To date, Picard has recovered some $14.4 billion of the approximately $20 billion that investors gave Madoff and redistributed to net losers. That means that some of those who were scammed were made whole, at least in terms of their initial investment, even if they all thought that Madoff’s supposedly sound judgment had earned them far more in fictional profits. Sadly though, many victims sold off their claims to speculators for pennies on the dollar in order to survive the post-2008 crisis, long before restitution was made.
Those Jewish institutions who were hit hard staggered, though most, including Hadassah, have survived and eventually can be said to have fully recovered. Of the small groups, some were wiped out, but the Robert Lappin Foundation, which had done so much for Jewish education, adapted and learned to fundraise rather than merely existing on their principal donor’s largesse since he had lost most of his money as well.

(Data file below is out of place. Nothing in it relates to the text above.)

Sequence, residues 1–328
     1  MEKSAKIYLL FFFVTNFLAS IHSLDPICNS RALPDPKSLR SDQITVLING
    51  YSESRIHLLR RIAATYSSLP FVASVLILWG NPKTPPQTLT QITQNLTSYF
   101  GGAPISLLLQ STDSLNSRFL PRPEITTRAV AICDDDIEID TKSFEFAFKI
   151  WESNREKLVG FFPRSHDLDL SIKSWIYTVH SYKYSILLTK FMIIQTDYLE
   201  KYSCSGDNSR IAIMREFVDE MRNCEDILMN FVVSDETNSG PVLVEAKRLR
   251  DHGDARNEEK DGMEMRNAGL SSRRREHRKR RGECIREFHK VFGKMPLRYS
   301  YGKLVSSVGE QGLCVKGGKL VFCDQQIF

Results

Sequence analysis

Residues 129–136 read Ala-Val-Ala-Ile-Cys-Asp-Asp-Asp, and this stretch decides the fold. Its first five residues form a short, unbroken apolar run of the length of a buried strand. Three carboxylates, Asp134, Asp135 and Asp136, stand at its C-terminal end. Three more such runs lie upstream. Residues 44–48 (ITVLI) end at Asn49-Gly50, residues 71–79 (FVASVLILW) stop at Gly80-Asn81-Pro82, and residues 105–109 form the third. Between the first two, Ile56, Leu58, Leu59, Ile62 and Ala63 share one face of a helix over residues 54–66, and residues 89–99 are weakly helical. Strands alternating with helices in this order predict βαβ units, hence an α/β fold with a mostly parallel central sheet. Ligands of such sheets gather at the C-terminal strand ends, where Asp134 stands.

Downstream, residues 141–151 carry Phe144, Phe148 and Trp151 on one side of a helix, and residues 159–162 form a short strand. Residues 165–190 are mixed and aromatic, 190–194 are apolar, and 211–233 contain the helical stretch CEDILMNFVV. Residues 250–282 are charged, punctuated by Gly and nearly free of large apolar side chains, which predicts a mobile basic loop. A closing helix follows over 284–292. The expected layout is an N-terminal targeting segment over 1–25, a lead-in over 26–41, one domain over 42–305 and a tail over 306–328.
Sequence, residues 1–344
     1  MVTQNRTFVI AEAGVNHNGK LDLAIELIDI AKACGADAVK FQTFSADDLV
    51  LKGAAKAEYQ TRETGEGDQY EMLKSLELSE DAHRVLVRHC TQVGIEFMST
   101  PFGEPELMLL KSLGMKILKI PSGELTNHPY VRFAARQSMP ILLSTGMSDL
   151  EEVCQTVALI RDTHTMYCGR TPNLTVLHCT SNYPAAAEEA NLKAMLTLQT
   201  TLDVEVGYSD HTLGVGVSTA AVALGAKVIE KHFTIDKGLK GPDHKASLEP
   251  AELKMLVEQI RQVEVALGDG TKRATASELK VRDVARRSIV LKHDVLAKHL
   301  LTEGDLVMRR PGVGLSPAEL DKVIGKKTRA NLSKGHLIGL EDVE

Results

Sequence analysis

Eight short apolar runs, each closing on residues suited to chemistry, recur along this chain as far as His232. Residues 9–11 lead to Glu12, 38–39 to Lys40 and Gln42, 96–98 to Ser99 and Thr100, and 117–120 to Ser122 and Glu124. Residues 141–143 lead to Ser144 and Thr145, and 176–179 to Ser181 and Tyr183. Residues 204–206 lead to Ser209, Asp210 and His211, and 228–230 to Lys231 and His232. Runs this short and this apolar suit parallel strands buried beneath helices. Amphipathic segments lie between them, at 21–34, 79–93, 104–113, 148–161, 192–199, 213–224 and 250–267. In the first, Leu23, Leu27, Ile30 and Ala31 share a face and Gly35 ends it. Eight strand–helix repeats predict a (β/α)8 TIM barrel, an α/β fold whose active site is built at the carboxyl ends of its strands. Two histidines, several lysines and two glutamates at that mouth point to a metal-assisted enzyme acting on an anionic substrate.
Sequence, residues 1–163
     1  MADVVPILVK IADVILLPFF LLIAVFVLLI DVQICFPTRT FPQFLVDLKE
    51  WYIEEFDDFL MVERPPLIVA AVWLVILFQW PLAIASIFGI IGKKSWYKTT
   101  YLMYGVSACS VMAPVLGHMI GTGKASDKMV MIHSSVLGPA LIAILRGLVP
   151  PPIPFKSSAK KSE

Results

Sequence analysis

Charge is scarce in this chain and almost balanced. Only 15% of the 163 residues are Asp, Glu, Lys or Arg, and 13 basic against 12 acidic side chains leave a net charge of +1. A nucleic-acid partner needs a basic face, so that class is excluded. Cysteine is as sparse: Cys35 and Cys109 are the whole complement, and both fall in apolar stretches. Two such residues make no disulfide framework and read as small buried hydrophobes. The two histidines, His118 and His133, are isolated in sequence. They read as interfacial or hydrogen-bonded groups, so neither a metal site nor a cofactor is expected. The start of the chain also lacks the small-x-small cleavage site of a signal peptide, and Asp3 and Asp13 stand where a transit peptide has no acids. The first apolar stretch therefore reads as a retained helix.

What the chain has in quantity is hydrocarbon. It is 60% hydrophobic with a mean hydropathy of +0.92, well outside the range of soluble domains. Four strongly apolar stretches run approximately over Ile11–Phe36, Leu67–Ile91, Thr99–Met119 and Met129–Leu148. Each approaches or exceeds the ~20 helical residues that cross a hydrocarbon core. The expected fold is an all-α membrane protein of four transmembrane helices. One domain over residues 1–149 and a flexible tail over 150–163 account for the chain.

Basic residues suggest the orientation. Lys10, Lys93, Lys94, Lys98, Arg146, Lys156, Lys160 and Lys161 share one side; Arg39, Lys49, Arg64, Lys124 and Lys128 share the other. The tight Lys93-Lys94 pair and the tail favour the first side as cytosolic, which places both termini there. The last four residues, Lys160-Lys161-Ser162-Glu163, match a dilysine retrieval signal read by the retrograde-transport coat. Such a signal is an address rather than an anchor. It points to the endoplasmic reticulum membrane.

If any good came out of all this, it’s that many small groups, especially the boutique philanthropies that have grown by leaps and bounds in recent decades, which had handled their money in a somewhat cavalier fashion managed to change their ways. Savvier investors and institutions with more checks and balances set up in their operations had stayed clear of Madoff because they felt his numbers never added up. They were ultimately proved correct.
Just as important, the fears that revulsion over Madoff would set off a revival of anti-Semitism in the United States proved overblown.